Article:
3. The appeal fails and must be dismissed with costs. The memorandum of objections is also dismissed with costs.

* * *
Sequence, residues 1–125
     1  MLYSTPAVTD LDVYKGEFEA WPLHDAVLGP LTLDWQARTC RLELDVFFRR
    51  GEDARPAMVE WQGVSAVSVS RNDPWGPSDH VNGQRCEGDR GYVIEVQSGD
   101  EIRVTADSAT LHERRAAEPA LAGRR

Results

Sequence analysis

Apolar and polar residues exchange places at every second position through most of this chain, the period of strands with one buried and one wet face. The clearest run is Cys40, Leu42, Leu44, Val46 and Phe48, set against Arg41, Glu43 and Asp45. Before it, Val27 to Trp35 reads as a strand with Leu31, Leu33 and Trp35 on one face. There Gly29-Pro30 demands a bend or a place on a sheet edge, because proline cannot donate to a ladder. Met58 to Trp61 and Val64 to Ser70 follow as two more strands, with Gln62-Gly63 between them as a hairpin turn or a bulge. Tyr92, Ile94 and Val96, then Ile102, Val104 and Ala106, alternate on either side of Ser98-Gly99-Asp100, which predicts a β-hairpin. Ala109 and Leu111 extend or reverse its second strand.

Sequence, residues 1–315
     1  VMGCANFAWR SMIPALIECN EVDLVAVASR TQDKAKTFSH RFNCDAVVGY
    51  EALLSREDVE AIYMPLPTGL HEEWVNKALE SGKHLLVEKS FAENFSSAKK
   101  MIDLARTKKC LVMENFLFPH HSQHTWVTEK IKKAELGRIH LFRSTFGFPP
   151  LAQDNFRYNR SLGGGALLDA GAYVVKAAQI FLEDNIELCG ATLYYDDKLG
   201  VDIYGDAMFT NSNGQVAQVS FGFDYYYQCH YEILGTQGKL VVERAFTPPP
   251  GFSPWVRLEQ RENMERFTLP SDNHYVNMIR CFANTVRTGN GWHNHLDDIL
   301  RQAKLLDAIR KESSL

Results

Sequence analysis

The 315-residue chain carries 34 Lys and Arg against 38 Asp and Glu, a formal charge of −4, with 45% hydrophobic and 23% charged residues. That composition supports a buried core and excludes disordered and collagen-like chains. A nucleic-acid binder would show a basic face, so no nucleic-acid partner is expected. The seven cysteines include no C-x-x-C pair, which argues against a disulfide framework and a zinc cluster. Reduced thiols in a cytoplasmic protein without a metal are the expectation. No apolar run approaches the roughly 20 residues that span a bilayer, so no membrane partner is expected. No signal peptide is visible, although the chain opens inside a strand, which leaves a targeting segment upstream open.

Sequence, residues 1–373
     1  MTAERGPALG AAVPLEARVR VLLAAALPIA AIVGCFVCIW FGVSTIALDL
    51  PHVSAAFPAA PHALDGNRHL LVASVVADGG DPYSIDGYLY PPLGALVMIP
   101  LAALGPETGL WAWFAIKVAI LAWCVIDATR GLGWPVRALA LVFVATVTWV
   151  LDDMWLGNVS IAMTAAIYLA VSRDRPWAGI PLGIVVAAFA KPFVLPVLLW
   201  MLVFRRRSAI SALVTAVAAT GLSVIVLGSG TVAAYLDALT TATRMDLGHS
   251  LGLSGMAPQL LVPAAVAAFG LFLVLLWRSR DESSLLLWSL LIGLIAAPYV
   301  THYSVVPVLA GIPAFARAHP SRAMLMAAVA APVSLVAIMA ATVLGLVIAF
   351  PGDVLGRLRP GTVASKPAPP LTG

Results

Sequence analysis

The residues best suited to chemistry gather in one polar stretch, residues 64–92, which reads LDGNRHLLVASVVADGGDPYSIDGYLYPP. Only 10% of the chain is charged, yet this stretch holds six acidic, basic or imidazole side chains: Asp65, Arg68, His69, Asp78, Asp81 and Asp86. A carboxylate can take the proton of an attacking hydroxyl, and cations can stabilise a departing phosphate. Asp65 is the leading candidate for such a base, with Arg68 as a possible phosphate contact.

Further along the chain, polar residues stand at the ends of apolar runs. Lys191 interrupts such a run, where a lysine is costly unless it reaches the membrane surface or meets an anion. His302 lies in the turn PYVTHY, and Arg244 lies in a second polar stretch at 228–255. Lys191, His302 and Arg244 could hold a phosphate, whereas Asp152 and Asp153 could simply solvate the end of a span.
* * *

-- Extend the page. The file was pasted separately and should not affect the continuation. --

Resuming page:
4. I agree and would only add a few words. The lower appellate court has refused the injunction asked for on grounds which my learned brother and myself think are not correct, and it is for that reason that [ wish to state what I conceive to be the correct view to take. The lower appellate court has held that as the plaintiffs could not claim against the Government the right to take water from the channel, therefore the defendants were entitled to prevent the plaintiffs taking it. That statement of law is to be found at page 35 of the judgment where the learned Judge says, 'the defendants who hold land, irrigated by the channel are entitled to prevent the plaintiffs from using the water, to which they have no right.' This statement of law is, in my opinion, entirely unsound and I agree with my learned brother in holding that the rights both of the plaintiffs and of the defendants to water in respect of the ryotwari wet land which they hold are, as has been laid down by this court time after time, the right to their customary supply by whatever means the Government chose to put the water on their land. But it appears that, in the lower courts, the claim by the plaintiffs for an injunction was put on the ground that they had acquired some sort of easement, probably, by the user of this water by the defendants for 20 years when they were the plaintiffs' tenants. That contention, I agree with the lower appellate court, is entirely unsound It is impossible for a person to acquire an easement in water in a Government channel when that water has been supplied by government for the purpose of irrigating land and in fulfilment of the duty cast upon them to supply water to lands which they classify as wet. Therefore no easement can possibly be acquired. Mr. Govindaraghava Iyer in this court has put his case on an entirely different footing and has asked us to give an injunction limited to the time and period during which the Government is prepared to give the necessary water for this land down the channel. The answer to that claim is to be found in the judgment which has been delivered by my learned brother in which he points out that there is no possession here and that there is no specific right in particular water in this particular channel; and in view of the fact that the Government is not a party to this suit, it would be inadvisable to give any injunction which would necessarily be based on a declaration of right when such declaration of right can only be operative as long as the Government thinks it advisable to supply water by this channel. I therefore entirely agree that this is not a case in which an injunction should be granted and, on this ground, I would uphold the lower appellate court's judgment. On the other points, I am in entire concurrence with the view expressed by my learned brother. The appeal is dismissed with costs.